vrijdag, december 06, 2002

Havin' Glavine Is No Guerdon

It might be time for pharmacological intervention on behalf of Mr. Wilpon and his sticky case of dementia. According to Braves manager Bobby Cox, the courting of Mets owner Fred Wilpon is what turned Glavine toward the Mets once the Braves removed themselves from the competition Tuesday. "Their owner was a huge part," Cox said. "He made a big impression, calling Tommy every two seconds. He swung it."

Meanwhile, back in The West Bank the excitement was palatable. A sea of Palestinians waved flags, whistled and cheered wildly. Young men climbed atop telephone poles to catch a better glimpse of their leader. Elderly women danced. One sign read: "We waited a long time for you."

Before we start killing the fatted calf and fling wide the gates, it should be noted that according to the AJC, a source familiar with the negotiations said there has been talk that wear and tear on Glavine's pitching shoulder caused the Braves to be cautious. Glavine, after all, will be 37 shortly after the onset of spring training. And let's take a look at this new nursing home rotation: Al Leiter, the "other" lefty ace, will be 38. Pedro Astacio is the yearling of the group, pushing 34 with a lifetime 4.53 ERA. What exactly is it we are supposed to be excited about? That the Mets starting pitching staff now qualifies for group discounts on geriatric health care? That Spring Training will bring them closer to assisted living facilities and retirement communities?

Is Glavine really supposed to be the guy who pushes us over the top? Glavine is the losingest pitcher in postseason history, going 12-15 overall. This past post season, Glavine was hit hard, significantly contributing to the Braves annual first round post season knock out by going 0-2 with a 15.26 ERA against San Francisco. We could get that kind of performance at a quarter of the price from some career flunkee like Dave Burba so why spend $35 million? Al Leiter gushed at the news: "It's a heck of a signing for us. I'm real excited — he's a future Hall of Famer and he might be the last guy to win 300 games. I'm looking forward to learning a lot from him." -- yes, Glavine is likely a future Hall of Famer. Unfortunately, his Hall of Fame years were already played, for the Braves.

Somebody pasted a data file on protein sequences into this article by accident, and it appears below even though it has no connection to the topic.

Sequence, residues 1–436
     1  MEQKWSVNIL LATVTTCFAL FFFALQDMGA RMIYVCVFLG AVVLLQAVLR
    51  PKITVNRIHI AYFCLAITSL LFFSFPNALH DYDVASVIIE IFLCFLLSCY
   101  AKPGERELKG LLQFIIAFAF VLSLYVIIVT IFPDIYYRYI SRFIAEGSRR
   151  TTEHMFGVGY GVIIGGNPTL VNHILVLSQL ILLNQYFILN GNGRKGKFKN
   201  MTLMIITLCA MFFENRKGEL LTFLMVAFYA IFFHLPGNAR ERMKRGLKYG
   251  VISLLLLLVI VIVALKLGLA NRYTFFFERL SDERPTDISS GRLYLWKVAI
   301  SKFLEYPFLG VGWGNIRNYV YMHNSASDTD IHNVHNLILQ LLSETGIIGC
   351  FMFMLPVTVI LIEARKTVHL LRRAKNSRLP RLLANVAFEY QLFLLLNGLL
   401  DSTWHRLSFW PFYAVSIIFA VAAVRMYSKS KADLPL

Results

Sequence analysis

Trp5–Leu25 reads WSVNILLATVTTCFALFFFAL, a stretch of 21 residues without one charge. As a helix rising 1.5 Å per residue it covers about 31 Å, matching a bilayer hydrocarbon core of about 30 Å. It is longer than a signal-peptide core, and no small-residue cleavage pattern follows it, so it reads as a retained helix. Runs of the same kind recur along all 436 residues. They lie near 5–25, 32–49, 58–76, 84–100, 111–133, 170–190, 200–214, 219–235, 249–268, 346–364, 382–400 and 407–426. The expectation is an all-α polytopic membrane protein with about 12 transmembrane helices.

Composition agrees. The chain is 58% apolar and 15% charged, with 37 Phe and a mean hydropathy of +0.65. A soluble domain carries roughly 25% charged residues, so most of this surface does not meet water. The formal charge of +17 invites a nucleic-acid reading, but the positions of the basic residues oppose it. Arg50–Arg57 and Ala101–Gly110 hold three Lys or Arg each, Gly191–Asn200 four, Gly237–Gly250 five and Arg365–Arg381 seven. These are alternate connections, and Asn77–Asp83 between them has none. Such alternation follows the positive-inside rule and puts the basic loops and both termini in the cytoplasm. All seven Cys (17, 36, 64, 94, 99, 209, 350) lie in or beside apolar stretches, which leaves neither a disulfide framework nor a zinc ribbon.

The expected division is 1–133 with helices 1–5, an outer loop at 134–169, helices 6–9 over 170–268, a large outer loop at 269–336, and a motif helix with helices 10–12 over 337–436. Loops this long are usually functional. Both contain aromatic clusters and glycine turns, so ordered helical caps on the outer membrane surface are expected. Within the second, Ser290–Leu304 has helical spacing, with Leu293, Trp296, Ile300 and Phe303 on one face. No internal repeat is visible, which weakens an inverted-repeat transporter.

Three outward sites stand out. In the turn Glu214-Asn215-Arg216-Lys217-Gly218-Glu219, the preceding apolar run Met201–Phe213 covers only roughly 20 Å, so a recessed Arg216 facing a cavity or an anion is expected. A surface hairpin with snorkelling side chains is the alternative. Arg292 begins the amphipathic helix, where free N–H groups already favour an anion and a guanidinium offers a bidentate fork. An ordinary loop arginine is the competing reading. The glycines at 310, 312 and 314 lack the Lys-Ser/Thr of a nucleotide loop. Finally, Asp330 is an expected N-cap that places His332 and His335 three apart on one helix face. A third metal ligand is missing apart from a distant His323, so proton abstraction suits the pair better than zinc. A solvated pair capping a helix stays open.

But despite my pessimism about this deal, there are several upsides to this signing: For one, Glavine has never been on the disabled list. Glavine has started 35 or 36 times in each of the last four seasons and at least 33 times in each full season beginning in 1990. Even with the two strike- shortened seasons factored in, he has averaged 224 innings for 13 seasons. Lucky Met fans will likely get to see his first career stint on the DL sometime in mid-April. Secondly, the Mets not only weakened a division opponent but also prevented another, the Phillies, from completing their bid to land the trio of Jim Thome, David Bell and Glavine. Nothing better than making Phillie fans writhe in the bitter pain of their own inefficacy. Lastly, Glavine has killed us in the past. He has spent the last decade and a half beating the Mets 16 times -- 17 counting the playoffs, going 17-7 against them overall. He went 16-7 in 35 career regular season starts against the Mets with a 2.86 ERA.

As Ogilvie said in the Bad News Bears: "Well, we committed 24 errors, and their pitcher threw a no hitter against us, but there is some good news! Two of our runners almost managed to get to first base, and we did hit seventeen foul balls!"

Hey Wilpon, there are still a few pitchers left in my death pool you haven't signed yet. One more senior citizen and we will qualify for AARP membership. Good work. I think Gaylord Perry is still available and, failing that, maybe you can lure Antonio Todde into a Met uniform. Clearly Mr. Wilpon never listened to what good ole Lyndon Johnson used to say: "We can draw lessons from the past, but we cannot live in it."

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